This unspoilt village is situated in the beautiful Cliviger Gorge three miles south east of Burnley on the A646. The church is of particular interest, built by Thomas Dunham Whitaker in 1794 it is the burial place of several notable Burnley people, including General Scarlett . Whitaker was also a great naturalist and planted over 40,000 trees in the area, his work was the inspiration for the Forest of Burnley. The woods at Holme Chapel are an excellent area for walking and also provide access to the Mary Towneley Loop and the rest of the Pennine Bridleway.

    For those with an interest in industrial archaeology there are all the clues to be found pointing to the past industries of coal, lead and limestone.

    For those simply in search of a pint there are several to choose from, but the Ram Inn takes some beating. If yo are calling at the Ram, check out the old village stocks across the road in a small enclosure next to the entrance to St John's Church.

    [For more photos see Cliviger travelogue]

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  • Queen Street Textile Museum

    by MartinSelway Written Dec 20, 2003

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    Weaving Shed

    This one is for the museum buffs out there.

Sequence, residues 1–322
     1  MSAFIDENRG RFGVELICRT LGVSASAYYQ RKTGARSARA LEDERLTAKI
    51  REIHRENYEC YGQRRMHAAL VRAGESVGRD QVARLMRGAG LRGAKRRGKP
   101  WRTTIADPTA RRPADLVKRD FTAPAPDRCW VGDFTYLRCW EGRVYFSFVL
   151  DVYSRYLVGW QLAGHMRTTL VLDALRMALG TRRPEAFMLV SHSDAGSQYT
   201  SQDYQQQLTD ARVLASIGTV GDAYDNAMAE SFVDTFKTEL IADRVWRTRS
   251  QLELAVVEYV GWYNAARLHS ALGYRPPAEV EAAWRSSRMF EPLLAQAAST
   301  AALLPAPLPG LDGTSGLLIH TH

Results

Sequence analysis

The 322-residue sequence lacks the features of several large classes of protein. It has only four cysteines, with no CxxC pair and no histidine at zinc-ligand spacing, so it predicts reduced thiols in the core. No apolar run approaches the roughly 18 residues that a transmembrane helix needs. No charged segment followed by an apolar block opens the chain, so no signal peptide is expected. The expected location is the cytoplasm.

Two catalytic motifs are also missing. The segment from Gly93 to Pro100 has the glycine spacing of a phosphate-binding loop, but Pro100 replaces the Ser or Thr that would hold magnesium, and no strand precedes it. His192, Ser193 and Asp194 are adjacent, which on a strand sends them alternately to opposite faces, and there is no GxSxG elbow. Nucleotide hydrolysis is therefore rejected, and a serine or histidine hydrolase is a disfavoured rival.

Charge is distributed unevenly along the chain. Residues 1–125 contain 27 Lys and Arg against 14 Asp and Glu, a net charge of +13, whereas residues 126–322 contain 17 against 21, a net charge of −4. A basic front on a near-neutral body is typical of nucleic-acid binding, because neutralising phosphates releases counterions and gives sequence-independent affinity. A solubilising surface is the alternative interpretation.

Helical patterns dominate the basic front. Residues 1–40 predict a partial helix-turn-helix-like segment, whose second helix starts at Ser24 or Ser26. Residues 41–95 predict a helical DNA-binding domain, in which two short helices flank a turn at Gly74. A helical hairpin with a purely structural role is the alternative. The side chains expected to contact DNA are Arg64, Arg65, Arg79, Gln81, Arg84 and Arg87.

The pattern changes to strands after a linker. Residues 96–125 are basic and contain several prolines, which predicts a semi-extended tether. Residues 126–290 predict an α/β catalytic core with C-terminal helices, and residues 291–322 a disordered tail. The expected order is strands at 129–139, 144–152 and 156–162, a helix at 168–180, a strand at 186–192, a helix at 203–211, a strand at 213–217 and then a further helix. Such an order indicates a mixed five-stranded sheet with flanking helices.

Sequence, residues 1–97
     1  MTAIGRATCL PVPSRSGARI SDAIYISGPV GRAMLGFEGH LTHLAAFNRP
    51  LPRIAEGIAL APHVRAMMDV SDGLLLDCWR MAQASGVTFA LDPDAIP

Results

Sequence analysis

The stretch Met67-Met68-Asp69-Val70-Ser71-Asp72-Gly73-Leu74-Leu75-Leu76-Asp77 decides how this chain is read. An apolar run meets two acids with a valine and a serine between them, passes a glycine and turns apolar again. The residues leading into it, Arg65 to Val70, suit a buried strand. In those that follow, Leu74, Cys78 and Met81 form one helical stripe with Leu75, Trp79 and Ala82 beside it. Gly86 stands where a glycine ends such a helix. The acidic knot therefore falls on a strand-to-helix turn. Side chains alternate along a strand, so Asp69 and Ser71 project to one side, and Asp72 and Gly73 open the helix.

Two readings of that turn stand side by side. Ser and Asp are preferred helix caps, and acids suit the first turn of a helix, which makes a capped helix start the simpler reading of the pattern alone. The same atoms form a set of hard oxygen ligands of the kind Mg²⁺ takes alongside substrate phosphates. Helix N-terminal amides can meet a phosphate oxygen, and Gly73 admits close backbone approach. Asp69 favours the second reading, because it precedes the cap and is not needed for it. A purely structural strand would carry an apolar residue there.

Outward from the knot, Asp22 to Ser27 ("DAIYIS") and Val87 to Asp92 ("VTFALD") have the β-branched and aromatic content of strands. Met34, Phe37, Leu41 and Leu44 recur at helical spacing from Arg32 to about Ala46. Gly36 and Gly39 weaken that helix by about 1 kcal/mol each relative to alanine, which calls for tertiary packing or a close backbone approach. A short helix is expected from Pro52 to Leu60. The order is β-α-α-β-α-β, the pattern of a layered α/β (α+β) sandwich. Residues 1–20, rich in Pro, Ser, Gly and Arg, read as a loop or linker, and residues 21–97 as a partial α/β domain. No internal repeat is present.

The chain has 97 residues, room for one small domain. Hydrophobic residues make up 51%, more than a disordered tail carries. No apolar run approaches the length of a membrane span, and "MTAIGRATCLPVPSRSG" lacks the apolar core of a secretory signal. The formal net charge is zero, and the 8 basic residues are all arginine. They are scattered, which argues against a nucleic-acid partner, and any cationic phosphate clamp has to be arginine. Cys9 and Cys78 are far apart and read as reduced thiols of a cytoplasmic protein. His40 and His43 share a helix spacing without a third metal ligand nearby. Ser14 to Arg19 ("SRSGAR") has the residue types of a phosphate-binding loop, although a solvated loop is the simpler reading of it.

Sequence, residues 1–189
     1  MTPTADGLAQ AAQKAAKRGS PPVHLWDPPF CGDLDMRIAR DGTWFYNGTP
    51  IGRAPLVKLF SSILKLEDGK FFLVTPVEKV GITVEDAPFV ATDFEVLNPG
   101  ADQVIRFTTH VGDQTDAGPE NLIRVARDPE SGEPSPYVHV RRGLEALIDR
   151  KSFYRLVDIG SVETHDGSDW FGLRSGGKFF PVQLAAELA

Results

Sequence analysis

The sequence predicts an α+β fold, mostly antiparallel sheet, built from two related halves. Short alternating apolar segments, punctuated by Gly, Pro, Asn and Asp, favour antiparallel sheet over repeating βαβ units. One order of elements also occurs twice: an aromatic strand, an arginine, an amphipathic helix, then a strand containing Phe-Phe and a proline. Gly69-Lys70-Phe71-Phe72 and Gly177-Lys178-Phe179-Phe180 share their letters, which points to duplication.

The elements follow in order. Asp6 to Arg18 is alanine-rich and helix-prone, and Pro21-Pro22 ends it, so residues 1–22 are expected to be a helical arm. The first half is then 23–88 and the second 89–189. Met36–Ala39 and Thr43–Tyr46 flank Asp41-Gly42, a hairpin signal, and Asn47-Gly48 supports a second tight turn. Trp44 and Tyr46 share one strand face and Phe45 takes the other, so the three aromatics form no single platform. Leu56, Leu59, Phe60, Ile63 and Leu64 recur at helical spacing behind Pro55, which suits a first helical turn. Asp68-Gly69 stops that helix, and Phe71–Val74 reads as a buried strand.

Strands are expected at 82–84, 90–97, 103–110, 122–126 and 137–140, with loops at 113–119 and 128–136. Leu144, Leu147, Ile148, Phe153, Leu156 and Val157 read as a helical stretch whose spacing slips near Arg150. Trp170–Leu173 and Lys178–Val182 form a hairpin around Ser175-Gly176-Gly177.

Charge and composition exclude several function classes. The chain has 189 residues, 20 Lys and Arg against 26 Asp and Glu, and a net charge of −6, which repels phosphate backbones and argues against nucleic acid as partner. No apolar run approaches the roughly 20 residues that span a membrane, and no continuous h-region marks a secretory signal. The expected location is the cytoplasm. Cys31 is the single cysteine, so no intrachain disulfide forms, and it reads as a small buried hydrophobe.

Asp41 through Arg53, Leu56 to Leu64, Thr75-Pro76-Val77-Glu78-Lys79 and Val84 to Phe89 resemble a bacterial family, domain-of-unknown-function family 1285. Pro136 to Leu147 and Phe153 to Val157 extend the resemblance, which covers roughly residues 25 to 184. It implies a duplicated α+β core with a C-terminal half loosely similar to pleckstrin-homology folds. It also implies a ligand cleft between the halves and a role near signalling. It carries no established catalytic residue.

Queen Street Textile Museum is a unique survivor of the nineteenth century textile industry. Recognised as a national treasure and designated as part of the textile industrial collections of Lancashire County Museum Service Queen Street Textile Museum preserves an age now gone from Europe. This mill was a workers co-operative, which ran commercially from 1895 to 1982 when the mill became a museum. The 500 horsepower tandem compound steam engine Peace, with its impressive 14ft (4 metres) flywheel powering the weaving shed now containing 308 Lancashire Looms. The Lancashire Boilers that power Peace with steam are original to the mill. Queen Street Textile Museum shows through machinery the story of weaving from spun yarn processing to woven cloth, through a Cylinder Tape Sizing machine, drawing-in frames and the weaving shed. The engine powers the machinery every day the museum is open. Queen Street Textile Museum has a range of special events, programmes, activities and exhibitions throughout the year.

    The noise from the looms was deafening and workers had to lip read and use sign language to communicate.

    The Mill employs some of the original workers to explian and demonstrate the weaving process. Allow about an hour for a visit.

    There is a Weavers Rest Cafe for drinks and light snacks.

    A shop sells gifts including textiles, fabrics and books.

    Opening times are:
    Closed all day Sun & Mon
    May to Sep 12 noon - 5pm
    Apr to Oct 12 noon - 5pm (except Sat)
    Mar to Nov 12 noon - 4pm (Tue/Wed/Thr only)
    Open BH Sun & Mon.

    Admission is £2.50 adults, Children free, Concessions £1.25.

    Related to:
    • Historical Travel
    • Arts and Culture

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  • Rourke's Forge